The result of the EU-Swiss agreement on the Free Movement of Persons brings the Swiss and their family members under the same umbrella as EU/EEA nationals&their FMs. This is simply because the same rights of the latter are conferred on the former.

For instance, the UK took the initiative to amalgamate 'The Agreement between the European Community and its Member States and the Swiss Confederation on the Free Movement of Persons' into the 2006 EEA Regulations simply because of their equality of purpose. They reasoned (in the spirit of the agreement perhaps) that it was unnecessary to implement a separate registration procedure for Swiss nationals&their FMs just because, by law, they are not EU/EEA nationals.

I think that this makes logical sense compared to the French (and God knows who else) refusing to extend the visa-free concession or allowing me travel within the EU on my RC.

If by virtue of the above agreement my husband can travel and reside freely in any EU member state, how can I be said to be benefitting from the same rights if I cannot travel with him/to join him on the strength of my RC OR without needing to pre-apply and pay for an entry visa? I don't see how I have any real freedom of movement.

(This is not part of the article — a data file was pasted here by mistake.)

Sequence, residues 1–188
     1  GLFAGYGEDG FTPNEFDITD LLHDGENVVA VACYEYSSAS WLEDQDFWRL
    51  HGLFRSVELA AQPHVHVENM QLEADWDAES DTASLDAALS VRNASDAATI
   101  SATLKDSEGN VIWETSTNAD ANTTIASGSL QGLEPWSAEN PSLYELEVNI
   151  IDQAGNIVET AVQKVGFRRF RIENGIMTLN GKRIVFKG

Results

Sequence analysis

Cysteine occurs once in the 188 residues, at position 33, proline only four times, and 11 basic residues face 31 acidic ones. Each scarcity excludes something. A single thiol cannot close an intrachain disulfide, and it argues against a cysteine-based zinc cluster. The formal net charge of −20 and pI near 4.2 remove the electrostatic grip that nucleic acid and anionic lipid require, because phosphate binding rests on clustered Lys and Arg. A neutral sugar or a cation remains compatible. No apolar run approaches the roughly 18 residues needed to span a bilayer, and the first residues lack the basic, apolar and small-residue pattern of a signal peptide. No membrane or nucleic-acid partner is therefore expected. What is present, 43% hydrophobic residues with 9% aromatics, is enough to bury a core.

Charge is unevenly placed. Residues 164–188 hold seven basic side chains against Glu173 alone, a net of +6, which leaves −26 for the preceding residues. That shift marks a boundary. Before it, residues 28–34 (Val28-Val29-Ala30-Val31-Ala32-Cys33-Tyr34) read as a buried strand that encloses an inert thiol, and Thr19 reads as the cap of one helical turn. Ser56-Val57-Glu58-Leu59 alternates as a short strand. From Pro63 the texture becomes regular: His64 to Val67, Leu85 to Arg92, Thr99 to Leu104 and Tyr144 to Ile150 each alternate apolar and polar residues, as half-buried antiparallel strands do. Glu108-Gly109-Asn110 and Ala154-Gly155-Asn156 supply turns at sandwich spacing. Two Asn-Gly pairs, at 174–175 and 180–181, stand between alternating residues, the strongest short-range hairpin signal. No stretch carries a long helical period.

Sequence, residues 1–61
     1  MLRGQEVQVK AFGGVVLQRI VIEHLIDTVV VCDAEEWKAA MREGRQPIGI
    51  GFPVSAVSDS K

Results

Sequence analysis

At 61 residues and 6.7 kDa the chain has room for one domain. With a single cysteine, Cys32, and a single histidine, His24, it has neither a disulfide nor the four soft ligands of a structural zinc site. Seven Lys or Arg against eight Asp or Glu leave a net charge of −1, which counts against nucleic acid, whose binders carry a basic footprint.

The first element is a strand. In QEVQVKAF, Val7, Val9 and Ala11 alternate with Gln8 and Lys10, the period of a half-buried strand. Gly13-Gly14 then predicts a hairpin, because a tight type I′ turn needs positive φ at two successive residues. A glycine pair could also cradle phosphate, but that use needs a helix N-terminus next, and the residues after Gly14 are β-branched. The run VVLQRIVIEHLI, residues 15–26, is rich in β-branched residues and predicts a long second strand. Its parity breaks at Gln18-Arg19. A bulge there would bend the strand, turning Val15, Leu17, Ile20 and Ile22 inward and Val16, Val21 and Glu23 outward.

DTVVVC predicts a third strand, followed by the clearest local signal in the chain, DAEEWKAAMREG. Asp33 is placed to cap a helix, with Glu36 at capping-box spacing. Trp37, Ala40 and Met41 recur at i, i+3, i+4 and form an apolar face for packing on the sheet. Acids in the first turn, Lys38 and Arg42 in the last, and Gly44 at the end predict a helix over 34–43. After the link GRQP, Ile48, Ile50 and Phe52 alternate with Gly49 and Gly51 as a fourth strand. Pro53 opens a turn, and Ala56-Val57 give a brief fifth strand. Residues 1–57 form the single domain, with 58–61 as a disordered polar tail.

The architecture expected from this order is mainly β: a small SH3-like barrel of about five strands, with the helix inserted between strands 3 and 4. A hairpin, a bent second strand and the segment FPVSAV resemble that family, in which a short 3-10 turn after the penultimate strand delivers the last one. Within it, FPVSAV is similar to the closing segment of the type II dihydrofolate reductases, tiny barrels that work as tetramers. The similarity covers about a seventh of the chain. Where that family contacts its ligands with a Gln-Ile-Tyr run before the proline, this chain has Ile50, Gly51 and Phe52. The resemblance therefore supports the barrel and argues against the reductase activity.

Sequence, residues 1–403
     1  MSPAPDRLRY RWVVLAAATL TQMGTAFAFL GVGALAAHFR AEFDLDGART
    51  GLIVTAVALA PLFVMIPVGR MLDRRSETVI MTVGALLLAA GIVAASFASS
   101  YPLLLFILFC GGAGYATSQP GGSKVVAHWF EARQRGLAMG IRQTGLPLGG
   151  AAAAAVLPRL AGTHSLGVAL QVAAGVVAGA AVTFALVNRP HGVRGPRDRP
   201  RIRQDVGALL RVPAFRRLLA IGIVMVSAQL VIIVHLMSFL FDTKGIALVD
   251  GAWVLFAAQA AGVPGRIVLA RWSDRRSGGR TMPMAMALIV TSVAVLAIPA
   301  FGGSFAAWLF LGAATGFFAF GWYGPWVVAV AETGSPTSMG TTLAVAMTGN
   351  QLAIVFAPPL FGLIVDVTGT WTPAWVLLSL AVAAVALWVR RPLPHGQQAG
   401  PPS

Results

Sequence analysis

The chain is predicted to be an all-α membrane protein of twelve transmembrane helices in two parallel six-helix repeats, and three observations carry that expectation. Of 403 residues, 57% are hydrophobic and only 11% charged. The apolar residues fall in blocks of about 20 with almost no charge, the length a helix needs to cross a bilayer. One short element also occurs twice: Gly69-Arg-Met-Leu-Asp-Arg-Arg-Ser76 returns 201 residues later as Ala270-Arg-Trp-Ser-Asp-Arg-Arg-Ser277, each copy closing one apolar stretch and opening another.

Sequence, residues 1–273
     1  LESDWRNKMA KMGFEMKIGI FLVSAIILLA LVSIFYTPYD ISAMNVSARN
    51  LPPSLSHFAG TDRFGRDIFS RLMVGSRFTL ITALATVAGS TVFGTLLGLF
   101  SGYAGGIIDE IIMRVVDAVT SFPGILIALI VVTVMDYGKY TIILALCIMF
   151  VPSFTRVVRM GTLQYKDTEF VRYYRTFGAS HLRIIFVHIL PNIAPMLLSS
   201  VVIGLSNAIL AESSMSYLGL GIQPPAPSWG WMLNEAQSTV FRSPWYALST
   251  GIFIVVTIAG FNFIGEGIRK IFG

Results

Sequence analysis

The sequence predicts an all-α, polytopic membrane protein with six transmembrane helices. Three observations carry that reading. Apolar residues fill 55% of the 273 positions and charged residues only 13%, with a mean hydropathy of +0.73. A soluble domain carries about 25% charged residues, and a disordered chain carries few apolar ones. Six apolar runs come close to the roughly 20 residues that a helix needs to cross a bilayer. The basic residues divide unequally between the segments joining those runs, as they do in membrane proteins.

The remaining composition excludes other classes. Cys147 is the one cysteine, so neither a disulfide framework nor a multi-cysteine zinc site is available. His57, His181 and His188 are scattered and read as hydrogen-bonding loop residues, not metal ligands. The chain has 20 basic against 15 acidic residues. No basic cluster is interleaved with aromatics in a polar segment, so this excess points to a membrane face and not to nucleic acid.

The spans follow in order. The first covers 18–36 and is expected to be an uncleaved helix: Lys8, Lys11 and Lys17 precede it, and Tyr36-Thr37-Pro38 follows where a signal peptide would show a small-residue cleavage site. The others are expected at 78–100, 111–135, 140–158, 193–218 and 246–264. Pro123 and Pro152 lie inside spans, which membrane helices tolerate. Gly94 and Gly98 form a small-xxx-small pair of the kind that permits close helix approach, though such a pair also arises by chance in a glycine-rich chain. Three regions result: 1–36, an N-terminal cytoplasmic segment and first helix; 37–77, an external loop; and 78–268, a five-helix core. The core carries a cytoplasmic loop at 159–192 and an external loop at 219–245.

I am hoping that the AIRE Centre is helpful with this either way it goes.

Will post an update when it comes.

Edited by Pumpkin70, 01 August 2009 - 06:19 PM.


#17 amino2005

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Posted 08 January 2010 - 12:14 PM

Hi I know this question might have been asked many time but I wont to make sure whether I need or not visa to travel to europe? I have 5 years resident card of family member of an eea national as I am algerian married to a polish citizen living in the Uk and would like travel to France or Spain /I travelled Last years to Hungary and Norway with my wife and in both countries i had a shangen visa.However I ve heard recently that it is not a requisite .That would be great if it is true as it would save me time and we could travel anytime we wont. I kept looking online for the info but coudn 't find it.if anyone knows it would be very helpful .thanks
Regards
Walid
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salam brother,
i am algerian, and my wife is an eu citizen, and i have a 5 years residence card, i can confirm that you can travel to france without visa with your wife and original and translated copy of your mariage certificate, make sure you have them, i have been recently to france and it was straight forward

i hope this helped
take care salam alikoum